Some kids believe in the tooth fairy. The kids in the Kleeman family believe in the fish fairy.

“An offering to the fish gods,” said Volkert Kleeman, 12, holding a freshly pulled tooth up to the sun while fishing with his family in waters off the Vineyard. He tossed it over the stern of the boat and watched it sink into the sea.

Kert said that his tooth, along with a desire to be out on the water, had ached throughout the school day. His parents, Charlie and Lindsay, have a strict rule that he and his younger sisters — Nikita, 11, Dill, 5, and Fyfe, 3 — aren’t allowed to play hooky to fish the derby. But as soon as the school bell rings, Lindsay does the after school pickups from the West Tisbury and Charter Schools before meeting Charlie and their 22-foot Grady White at the Texaco fueling dock in Menemsha.

Volkert Kleeman, age 12, offers a newly lost tooth to the fish gods. — Will Sennott

So far, the Kleeman kids have landed on the junior leaderboards multiple times and have been battling each day to remain at the top. They will take all the luck they can get, they said, whether it comes from the particular way they jig their trolling rods, their tradition of never bringing bananas aboard their vessel or the sacrifice of one of their molars.

Friday afternoon was no different. Kert, Nikita and Dill kneeled along the bow of the boat as Charlie steered out to the fishing grounds. Once they started marking fish on the radar screen, the kids immediately fell into formation: tying on their favorite lures, casting them into the water and making sure the lines stayed at the right depth.

“I’ve got so many mates here, it’s great,” Charlie said. “All I have to do is drive the boat.”

Within minutes, the tip of one of the rods dipped.

The order of who gets to reel in the fish is determined by age and so Dill was first to bat (Fyfe was otherwise engaged with an afterschool playdate). She climbed up on the captain’s chair and took control of the rod, still locked into the holder. Cursing like a sailor (per family rules, the kids are allowed to swear only while reeling in a fish) Dill hauled the first fish aboard. It was a baby bonito, described by Dill as a “cutie” as she dangled it in front of her face.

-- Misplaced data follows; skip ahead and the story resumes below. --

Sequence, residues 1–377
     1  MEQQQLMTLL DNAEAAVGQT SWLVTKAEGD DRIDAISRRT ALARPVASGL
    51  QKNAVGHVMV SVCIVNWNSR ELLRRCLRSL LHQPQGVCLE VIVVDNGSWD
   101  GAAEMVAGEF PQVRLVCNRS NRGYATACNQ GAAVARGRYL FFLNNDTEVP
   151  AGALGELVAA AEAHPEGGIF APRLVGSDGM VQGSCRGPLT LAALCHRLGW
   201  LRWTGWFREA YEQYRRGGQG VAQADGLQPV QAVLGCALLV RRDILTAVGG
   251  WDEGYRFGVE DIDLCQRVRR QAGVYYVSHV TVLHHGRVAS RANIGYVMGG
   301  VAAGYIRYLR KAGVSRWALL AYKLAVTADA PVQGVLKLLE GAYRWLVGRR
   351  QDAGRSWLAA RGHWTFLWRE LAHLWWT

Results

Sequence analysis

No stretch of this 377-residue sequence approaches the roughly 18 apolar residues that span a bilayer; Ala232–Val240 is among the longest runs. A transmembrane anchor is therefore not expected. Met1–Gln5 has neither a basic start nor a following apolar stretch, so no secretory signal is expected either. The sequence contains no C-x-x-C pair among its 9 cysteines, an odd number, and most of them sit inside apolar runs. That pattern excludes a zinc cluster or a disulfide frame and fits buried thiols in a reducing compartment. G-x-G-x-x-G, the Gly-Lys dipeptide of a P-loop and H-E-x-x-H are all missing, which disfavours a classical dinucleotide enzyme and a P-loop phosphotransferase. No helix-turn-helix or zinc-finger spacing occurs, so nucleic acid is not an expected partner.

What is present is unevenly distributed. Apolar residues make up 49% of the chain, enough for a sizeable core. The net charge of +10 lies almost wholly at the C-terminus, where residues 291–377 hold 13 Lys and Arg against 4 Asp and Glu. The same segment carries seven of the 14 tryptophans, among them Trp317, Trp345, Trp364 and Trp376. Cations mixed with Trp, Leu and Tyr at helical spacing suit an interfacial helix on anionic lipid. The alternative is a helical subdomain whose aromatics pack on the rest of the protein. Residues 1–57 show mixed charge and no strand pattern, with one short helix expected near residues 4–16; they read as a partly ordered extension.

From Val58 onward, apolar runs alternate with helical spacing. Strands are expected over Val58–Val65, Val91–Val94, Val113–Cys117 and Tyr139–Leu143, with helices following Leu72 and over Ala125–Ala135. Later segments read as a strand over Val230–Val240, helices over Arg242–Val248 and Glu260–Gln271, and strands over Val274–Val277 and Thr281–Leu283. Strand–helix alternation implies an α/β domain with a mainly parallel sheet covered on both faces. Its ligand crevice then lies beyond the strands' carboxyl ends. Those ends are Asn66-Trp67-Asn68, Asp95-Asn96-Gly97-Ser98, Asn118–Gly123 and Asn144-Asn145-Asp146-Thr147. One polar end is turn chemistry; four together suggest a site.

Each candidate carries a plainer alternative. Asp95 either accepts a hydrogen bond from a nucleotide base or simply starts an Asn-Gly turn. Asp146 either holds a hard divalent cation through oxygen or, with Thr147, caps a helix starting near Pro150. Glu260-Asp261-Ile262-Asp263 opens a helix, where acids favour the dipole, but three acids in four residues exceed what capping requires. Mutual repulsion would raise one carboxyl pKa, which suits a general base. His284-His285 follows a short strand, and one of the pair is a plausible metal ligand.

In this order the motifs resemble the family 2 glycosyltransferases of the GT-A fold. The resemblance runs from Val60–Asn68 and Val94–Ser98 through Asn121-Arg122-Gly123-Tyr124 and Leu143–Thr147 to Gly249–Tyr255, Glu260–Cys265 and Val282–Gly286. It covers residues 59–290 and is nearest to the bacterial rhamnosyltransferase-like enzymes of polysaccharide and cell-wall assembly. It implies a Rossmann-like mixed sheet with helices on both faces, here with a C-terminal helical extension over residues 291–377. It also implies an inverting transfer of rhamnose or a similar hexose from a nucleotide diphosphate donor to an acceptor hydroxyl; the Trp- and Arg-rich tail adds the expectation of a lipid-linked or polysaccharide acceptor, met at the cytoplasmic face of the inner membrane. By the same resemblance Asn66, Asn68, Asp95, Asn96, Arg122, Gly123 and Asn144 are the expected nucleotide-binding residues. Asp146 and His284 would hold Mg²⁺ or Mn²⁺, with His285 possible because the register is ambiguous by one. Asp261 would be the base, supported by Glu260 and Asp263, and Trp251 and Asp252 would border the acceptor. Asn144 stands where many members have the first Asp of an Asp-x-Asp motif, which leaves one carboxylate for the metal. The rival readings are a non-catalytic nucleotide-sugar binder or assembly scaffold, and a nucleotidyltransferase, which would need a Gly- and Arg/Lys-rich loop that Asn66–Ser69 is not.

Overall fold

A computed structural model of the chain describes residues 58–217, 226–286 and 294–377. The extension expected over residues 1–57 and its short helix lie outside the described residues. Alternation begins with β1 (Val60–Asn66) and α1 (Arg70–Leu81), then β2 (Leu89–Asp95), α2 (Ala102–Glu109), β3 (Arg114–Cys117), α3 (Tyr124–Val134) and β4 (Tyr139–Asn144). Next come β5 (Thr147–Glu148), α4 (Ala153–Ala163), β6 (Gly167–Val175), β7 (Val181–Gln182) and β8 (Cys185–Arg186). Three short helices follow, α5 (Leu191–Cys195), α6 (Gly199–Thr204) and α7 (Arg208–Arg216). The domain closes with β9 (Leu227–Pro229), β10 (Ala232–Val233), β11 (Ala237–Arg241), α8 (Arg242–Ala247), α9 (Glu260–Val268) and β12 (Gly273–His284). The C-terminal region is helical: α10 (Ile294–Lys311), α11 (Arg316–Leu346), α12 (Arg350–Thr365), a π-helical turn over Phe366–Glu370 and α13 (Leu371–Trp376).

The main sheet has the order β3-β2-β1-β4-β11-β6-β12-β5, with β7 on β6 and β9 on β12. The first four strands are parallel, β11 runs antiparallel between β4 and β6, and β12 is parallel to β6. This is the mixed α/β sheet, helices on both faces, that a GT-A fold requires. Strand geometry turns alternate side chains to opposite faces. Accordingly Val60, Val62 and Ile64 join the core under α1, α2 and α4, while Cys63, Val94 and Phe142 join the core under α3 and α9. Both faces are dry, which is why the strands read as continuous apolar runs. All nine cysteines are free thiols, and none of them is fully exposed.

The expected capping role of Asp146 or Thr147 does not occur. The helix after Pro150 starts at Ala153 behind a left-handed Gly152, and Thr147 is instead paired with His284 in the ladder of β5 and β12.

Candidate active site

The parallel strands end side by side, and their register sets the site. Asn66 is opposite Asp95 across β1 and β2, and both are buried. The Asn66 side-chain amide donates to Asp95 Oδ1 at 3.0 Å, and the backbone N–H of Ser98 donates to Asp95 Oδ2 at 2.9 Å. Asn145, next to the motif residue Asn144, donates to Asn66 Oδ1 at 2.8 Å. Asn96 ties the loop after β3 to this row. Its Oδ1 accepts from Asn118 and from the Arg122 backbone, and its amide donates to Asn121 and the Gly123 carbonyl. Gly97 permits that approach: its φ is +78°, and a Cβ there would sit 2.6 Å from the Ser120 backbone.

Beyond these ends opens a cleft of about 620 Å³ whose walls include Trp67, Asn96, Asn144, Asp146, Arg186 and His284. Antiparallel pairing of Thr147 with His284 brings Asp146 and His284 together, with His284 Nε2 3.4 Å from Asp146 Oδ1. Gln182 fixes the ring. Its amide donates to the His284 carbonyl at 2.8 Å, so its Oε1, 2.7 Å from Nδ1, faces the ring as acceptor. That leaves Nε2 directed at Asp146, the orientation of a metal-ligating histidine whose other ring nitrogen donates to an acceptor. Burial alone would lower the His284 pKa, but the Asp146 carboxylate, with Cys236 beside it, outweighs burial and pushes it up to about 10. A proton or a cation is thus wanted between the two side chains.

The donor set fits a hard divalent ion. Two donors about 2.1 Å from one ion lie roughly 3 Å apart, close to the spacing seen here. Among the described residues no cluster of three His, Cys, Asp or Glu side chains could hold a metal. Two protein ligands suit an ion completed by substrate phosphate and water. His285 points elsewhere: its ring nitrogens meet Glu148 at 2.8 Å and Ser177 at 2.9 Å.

“That’s dinner, but not a derby winner,” Lindsay said.

Lining them up. — Jeanna Shepard

The kids went through the entire lineup, landing another baby bonito and a handful of schoolie bluefish but still nothing derby-worthy.

“I just want to win the derby!” Dill said, frustrated at the size of the one of the schoolie bluefish she reeled in. Then, in an aside to herself, she bowed her head and whispered: “I’m never giving up.”

And give up they did not.

It was Nikita’s second turn when the tip of one of the rods dipped again. This time, the line went screaming and there was a brief moment of shock before Nikita jumped into action.

The fish battled hard but finally succumbed and Nikita reeled it in to the boat. Per derby regulations, Charlie handled only the leader to net the fish and haul it on board. The entire family stared at the massive bonito writhing in the net with mouths agape before they broke into a celebration.

“That’s the biggest fish I’ve ever seen in my life,” said Dill.

Except for one more schoolie bluefish, the large bonito was their last fish of the afternoon and as the sun sank below the horizon, the family headed back to harbor, eager to see where the fish would place them on the junior leaderboards.

The Kleemans: Volkert, Lindsay, Dill, Nikita, Charlie and Fyfe. — Jeanna Shepard

Later that night, the Kleeman family could be found at derby headquarters with Nikita holding the bonito like a football under her arm. The fish weighed in at 7.79 pounds, vaulting Nikita to the top of the junior all tackle boat bonito division.

“It felt so big!” Nikita said. “My arms and my back hurt so bad.”

But there are still two and a half weeks left in the derby and the leaderboards are growing more competitive each day. Nikita’s bonito was bumped down to second place in the junior division a few days later, and Kert remains in third place in the junior division for boat caught bluefish and boat caught striped bass. But Dill is still in first place for the mini juniors with her 14.62-pound boat caught striped bass.

Kert’s offering to the fish god’s was the last of his baby teeth, the family said, and so they will have to search elsewhere for lucky charms in the coming weeks.

“The derby is just an experience,” Charlie said. “I know these kids will remember it like I remember fishing with my father when I was their age.”